Sunday, May 27, 2012

Most Useful Attributes in C#

I know that attributes are extremely useful. There are some predefined ones such as [Browsable(false)] which allows you to hide properties in the properties tab. Here is a good question explaining attributes: .NET: What are attributes?

What are the predefined attributes (and their namespace) you actually use in your projects?

Source: Tips4all


  1. [DebuggerDisplay] can be really helpful to quickly see customized output of a Type when you mouse over the instance of the Type during debugging. example:

    [DebuggerDisplay("FirstName={FirstName}, LastName={LastName}")]
    class Customer
    public string FirstName;
    public string LastName;

    This is how it should look in the debugger:

    Also, it is worth mentioning that [WebMethod] attribute with CacheDuration property set can avoid unnecessary execution of the web service method.

  2. System.Obsolete is one of the most useful attributes in the framework, in my opinion. The ability to raise a warning about code that should no longer be used is very useful. I love having a way to tell developers that something should no longer be used, as well as having a way to explain why and point to the better/new way of doing something.

    The Conditional attribute is pretty handy too for debug usage. It allows you to add methods in your code for debug purposes that won't get compiled when you build your solution for release.

    Then there are a lot of attributes specific to Web Controls that I find useful, but those are more specific and don't have any uses outside of the development of server controls from what I've found.

  3. [Flags] is pretty handy. Syntactic sugar to be sure, but still rather nice.

    enum SandwichStuff
    Cheese = 1,
    Pickles = 2,
    Chips = 4,
    Ham = 8,
    Eggs = 16,
    PeanutButter = 32,
    Jam = 64

    public Sandwich MakeSandwich(SandwichStuff stuff)
    // ...

    // ...

    | SandwichStuff.Ham
    | SandwichStuff.PeanutButter);
    // produces console output: "Cheese, Ham, PeanutButter"

    Leppie points out something I hadn't realized, and which rather dampens my enthusiasm for this attribute: it does not instruct the compiler to allow bit combinations as valid values for enumeration variables, the compiler allows this for enumerations regardless. My C++ background showing through... sigh

  4. I like [DebuggerStepThrough] from System.Diagnostics.

    It's very handy for avoiding stepping into those one-line do-nothing methods or properties (if you're forced to work in an early .Net without automatic properties). Put the attribute on a short method or the getter or setter of a property, and you'll fly right by even when hitting "step into" in the debugger.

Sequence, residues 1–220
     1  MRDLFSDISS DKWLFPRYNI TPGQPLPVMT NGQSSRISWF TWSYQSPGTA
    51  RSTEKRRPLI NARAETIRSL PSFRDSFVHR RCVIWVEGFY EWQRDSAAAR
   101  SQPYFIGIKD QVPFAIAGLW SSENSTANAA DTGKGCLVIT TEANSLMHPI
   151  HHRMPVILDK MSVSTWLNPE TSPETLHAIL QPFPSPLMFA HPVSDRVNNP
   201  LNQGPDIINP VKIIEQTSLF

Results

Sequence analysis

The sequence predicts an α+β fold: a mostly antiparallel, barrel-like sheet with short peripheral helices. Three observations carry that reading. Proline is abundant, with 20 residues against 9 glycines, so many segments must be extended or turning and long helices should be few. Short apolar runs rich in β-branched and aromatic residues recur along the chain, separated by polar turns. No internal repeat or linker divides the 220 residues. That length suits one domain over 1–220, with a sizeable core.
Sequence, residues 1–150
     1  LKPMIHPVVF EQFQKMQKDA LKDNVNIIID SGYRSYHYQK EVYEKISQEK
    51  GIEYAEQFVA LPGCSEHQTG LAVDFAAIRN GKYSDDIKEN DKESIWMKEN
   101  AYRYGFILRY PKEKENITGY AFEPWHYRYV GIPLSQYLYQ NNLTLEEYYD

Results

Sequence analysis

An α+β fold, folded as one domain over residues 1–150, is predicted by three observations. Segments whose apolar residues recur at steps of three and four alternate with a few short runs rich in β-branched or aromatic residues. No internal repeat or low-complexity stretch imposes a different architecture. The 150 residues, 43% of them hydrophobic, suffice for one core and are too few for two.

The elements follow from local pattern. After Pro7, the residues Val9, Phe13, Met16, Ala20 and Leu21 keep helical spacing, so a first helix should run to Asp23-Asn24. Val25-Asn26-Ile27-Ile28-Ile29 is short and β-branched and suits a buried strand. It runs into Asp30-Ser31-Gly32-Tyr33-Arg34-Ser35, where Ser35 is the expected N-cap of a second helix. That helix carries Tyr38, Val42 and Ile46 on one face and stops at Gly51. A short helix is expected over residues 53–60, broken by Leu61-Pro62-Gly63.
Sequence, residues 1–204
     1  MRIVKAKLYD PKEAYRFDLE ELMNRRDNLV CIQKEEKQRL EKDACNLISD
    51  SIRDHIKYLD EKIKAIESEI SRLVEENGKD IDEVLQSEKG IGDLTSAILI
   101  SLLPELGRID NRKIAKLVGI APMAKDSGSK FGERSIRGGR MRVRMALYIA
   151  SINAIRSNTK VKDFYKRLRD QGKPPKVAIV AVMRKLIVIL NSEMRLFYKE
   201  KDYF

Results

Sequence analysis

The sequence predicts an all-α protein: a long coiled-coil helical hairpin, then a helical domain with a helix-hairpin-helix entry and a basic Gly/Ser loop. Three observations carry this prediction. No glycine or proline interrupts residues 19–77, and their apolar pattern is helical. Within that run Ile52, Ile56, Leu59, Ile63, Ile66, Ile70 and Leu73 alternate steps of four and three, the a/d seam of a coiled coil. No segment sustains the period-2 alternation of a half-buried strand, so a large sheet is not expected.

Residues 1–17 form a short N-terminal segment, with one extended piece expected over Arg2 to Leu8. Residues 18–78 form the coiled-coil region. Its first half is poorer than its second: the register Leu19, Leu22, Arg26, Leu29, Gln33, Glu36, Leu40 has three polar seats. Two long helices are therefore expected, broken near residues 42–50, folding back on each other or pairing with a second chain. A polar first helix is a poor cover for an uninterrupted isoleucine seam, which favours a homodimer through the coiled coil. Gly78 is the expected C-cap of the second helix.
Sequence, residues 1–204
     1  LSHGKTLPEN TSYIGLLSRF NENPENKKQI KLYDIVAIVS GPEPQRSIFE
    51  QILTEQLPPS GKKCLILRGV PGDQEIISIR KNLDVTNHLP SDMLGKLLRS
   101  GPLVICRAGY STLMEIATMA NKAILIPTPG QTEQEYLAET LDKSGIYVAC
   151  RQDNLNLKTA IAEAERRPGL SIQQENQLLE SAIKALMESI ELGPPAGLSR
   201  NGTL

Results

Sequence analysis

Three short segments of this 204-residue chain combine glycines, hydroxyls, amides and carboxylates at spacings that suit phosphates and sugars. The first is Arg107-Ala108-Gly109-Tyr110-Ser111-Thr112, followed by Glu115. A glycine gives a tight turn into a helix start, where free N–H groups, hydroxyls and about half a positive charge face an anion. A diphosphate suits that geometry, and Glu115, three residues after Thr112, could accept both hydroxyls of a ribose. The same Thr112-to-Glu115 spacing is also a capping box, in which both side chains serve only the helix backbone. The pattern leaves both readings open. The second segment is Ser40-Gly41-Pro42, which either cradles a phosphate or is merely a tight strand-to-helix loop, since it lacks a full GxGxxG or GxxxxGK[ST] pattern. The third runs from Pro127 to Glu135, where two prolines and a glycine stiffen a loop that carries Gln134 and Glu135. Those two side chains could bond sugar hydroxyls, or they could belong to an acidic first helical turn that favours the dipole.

5. For what it's worth, here's a list of all .NET attributes. There are several hundred.

    I don't know about anyone else but I have some serious RTFM to do!

    ~ William Riley-Land

  6. My vote would be for [Conditional]

    public void DebugOnlyFunction()
    // your code here

    You can use this to add a function with advanced debugging features; like Debug.Write, it is only called in debug builds, and so allows you to encapsulate complex debug logic outside the main flow of your program.

  7. I always use the DisplayName, Description and DefaultValue attributes over public properties of my user controls, custom controls or any class I'll edit through a property grid. These tags are used by the .NET PropertyGrid to format the name, the description panel, and bolds values that are not set to the default values.

    [DisplayName("Error color")]
    [Description("The color used on nodes containing errors.")]
    public Color ErrorColor

    I just wish Visual Studio's IntelliSense would take the Description attribute into account if no XML comment are found. It would avoid having to repeat the same sentence twice.

  8. In Hofstadtian spirit, the [Attribute] attribute is very useful, since it's how you create your own attributes. I've used attributes instead of interfaces to implement plugin systems, add descriptions to Enums, simulate multiple dispatch and other tricks.

  9. [Serializable] is used all the time for serializing and deserializing objects to and from external data sources such as xml or from a remote server. More about it here.

  10. I've found [DefaultValue] to be quite useful.

  11. Here is the post about interesting attribute InternalsVisibleTo. Basically what it does it mimics C++ friends access functionality. It comes very handy for unit testing.

  12. I'd suggest [TestFixture] and [Test] - from the nUnit library.

    Unit tests in your code provide safety in refactoring and codified documentation.

  13. [XmlIgnore]